It’s not new, even if each time it comes up people think it’s a new outrage.
One of the durable long-term strategies for software businesses in the era of open source was perfected by SugarCRM about a decade ago. I’ve described it as the rights ratchet model. The “ratchet clicks” (not necessarily in exactly this sequence) are:
- A startup company with a hot software project gathers a vibrant and enthusiastic community of deployers using an open source licensing model and adoption grows exponentially as a result of users and developers having the freedoms they need to test, deploy and improve. It’s harnessing the open source network effect.
- The license they use will be one they could not operate their business under if they had to abide by it, but since they control all the copyright they don’t have to. They will often use a contributor agreement to harvest community copyrights so they don’t have to start abiding by the license as they benefit from other people’s innovations.
- They continue growth by making a differentiated alternative product or service that’s not wholly open source (“open core“) and that’s monetised via subscriptions or partnership arrangements. Monetisation always involves scarcity but this approach requires the scarcity to be manufactured rather than being inherent (as it would be, say, in a support model). For projects that previously had no obvious business model this is often the point at which non-founding investors become involved.
- They put more and more focus on the monetised version and eventually either differentiate so far that the “community” version is non-viable or license it in such a way that it is only really usable as a “free trial” version. If they haven’t before, they will require all community members to have a commercial relationship with them.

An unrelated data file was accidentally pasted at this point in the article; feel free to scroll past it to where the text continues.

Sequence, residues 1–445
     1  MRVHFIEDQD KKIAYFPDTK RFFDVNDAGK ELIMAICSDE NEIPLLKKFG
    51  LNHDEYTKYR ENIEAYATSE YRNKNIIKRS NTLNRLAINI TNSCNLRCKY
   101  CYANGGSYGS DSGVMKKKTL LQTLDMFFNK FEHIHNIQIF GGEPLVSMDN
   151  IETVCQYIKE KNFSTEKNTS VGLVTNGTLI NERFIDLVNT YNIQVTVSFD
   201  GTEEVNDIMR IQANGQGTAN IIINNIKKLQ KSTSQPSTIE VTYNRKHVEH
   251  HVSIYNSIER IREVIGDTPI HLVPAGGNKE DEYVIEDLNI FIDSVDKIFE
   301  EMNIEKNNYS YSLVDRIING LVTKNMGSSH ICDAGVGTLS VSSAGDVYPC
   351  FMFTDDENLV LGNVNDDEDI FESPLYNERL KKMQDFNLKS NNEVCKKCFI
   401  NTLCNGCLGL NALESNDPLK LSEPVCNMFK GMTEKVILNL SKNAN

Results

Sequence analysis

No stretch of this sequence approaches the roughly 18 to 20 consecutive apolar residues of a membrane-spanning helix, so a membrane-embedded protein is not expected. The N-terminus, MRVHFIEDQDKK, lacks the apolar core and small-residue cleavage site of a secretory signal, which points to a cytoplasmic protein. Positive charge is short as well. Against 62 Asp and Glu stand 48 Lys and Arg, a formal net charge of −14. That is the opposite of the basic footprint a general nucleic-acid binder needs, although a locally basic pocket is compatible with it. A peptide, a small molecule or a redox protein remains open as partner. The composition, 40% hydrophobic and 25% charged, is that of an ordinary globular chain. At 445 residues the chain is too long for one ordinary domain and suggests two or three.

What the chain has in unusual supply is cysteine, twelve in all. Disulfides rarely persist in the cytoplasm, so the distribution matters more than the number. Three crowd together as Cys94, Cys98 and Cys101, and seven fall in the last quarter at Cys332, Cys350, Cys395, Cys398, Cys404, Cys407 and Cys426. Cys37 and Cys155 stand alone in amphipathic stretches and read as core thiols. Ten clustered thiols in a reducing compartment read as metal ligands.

- During these moves they dial up the “we are open” rhetoric, claiming to be making things somehow more open or more free as they proceed. They sometimes attack organisations like OSI, FSF and others that speak up for software freedoms, calling them things like “self-appointed gatekeepers” or “one opinion” for pointing out the company’s actions are reducing software freedom and violating norms for “open source” and “free software”. They often claim their betrayal of software freedom is justified by a commercial need.
- They may change the license as they try different approaches to optimally force users into a commercial relationship. They will imply its open source even when they know it’s not. They will not be bound by the license they pick. Both are permitted by the contributor agreement from ratchet 2 (when it appeared reasonable).
- Eventually they focus exclusively on their monetised work and the community gathers dust and fades away or even eventually closes.
So the ratchet clicks to watch for as software freedom is eliminated are in summary:
- Focus is on adoption rather than collaboration
- Licensing that demands a contributor agreement so they don’t have to submit to it
- Differentiated alternative created as main revenue source
- Open source code is effectively just a “free trial” version
- Assertive rhetoric claiming they are as open as they reasonably can be
- The license is changed for reasons not benefiting the community
- Community no longer recognised and product now proprietary
At SugarCRM this process took about a decade (from 2008 to 2018).
I have yet to meet a sole-maintainer open source company following this model that demonstrates belief in any open source benefit apart from driving adoption. Once they have enough adoption to pivot, they don’t need any form of contribution apart from revenue. Whether they admit it or not they will abandon any peer community they may have had and instead treat “community” as a synonym for “customer”. Spot them as early as you can if you aren’t just another customer looking for a product.
Another similar case: https://www.elastic.co/pricing/faq/licensing
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